Day 4: Pride & Prejudice, (2005) starring Keira Knightly & Matthew Macfadyen

Before I lose all credibility, let me just say that we were going to watch the 6 hour BBC version but couldn't because of time constraints. This 2 hour one does in a bind, and unfortunately that's all we could do this time. Anyways, Pride and Prejudice is my Austen and also my favorite novel of all time. Every single character is written to perfection and the story is so amazing. I read that Elizabeth and Darcy were Austen's favorite characters and it really shows in the care she used to construct them. I mean who doesn't love Pride and Prejudice?? NO, SERIOUSLY WHO?! Darcy is my favorite Austen man because how could he not be? What I think is so compelling about the story is how relatable the characters are. They are by no means perfect. Elizabeth and Darcy at time are both prejudiced and both prideful and really struggle with their surprising affection towards each other. Perhaps that's why it's the most popular Austen novel, as I think everyone at some time goes through similar things. As far as movie adaptations go, the 6 hour BBC is the only Pride & Prejudice and Collin Firth is the ONLY Mr. Darcy. However, I think Keir Knightly actually does a good job as Elizabeth and even though Matthew Macfadyen is not Colin Firth, he does a good job as well. Judi Dench is AH-MAZING as Lady Catherine de Bourg and I actually like Rosamund Pike as Jane a lot better than the girl who plays her in the BBC version.


Day 5: Northanger Abbey, (2007) starring Felicity Jones & J.J. Field 

I love this book and this edition of the movie is the best. Who is not in love with J.J. Field, please tell me that! He's the best Tilney there is. While Catherine is rather naive about the world, she is a good charming character (unlike Emma), though she's no Lizzy Bennett (but then again who is?). Tilney is such a wonderful character, with good manners, wit, charm, and that boyishness one can only have at 22 years old. He's mature, don't get me wrong, but he has this, well like I already said, boyish charm that makes one weak in the knees. He's forgiving and funny and all together good. Much like Knightly, he's nearly flawless, but not self righteous by any means. Surprising when you realize he comes from General Tilney and has Captain Tilney as an older brother. I also really like his sister, she's a good friend to Catherine and she's good to Tilney. The scene where he and Catherine go riding and get caught in the storm and come back with mud splatters on their faces and and their clothes might be my *favorite* scene, excluding ***SPOILER ALERT*** the push-Tilney-up-against-a-tree-and-kiss-him-after-he-proposes at the end. Luckey jerk.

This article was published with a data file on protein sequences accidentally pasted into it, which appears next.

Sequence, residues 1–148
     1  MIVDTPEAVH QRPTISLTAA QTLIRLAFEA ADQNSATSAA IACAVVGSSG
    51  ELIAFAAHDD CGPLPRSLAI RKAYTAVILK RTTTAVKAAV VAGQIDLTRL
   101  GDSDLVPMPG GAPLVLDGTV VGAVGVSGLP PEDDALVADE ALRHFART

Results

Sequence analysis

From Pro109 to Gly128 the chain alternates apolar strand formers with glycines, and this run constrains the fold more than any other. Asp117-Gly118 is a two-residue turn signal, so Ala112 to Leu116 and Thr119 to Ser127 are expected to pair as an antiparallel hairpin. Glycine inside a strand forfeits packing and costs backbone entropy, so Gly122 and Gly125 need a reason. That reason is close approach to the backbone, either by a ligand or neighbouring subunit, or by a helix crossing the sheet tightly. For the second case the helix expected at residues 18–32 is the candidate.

Day 6: Sense & Sensibility, (2008) starring Charity Wakefield, Hattie Morahan, Dan Stevens & David Morrissey    

S&S is my second least favorite Austen. That being said, I bought this new edition to try out in hope of increasing my likeness. And it actually worked. The girls who play the sisters did a great job and I have to say what I was most excited about was watching Dan Stevens (aka Matthew Crawley from Downton Abbey) Edward Ferrars was a real pleasure. He's one of the greats among Austen men, and I truly have a new found love for this novel/movie. It was a 3 hour "mini series" by BBC which is why I gave it a shot. I'm sort of a BBC snob when it comes to Austen; they typically do it the best. And I'm convinced that the longer they are, the better (and more true to the novel!). If you're like me and don't really enjoy S&S on the regular, give this edition a shot! You won't regret it! :) 

[Our mom watched part of this movie with us and really liked it. She loves Downton but hasn't really gotten into the Austens. After this was over, she proclaimed "I'm a Janer!!" to which brought lots of smiles and laughs out of my sisters and I, and then we quickly explained the term in "Janeite" and she had to earn that title with a bit more viewing and reading. ;) I was sat utterly perplexed that THIS of all of Austen's stories was the one to bring her into the fold.]  

Day 7: Persuasion,(2007) starring Sally Hawkins and Rupert Penry-Jones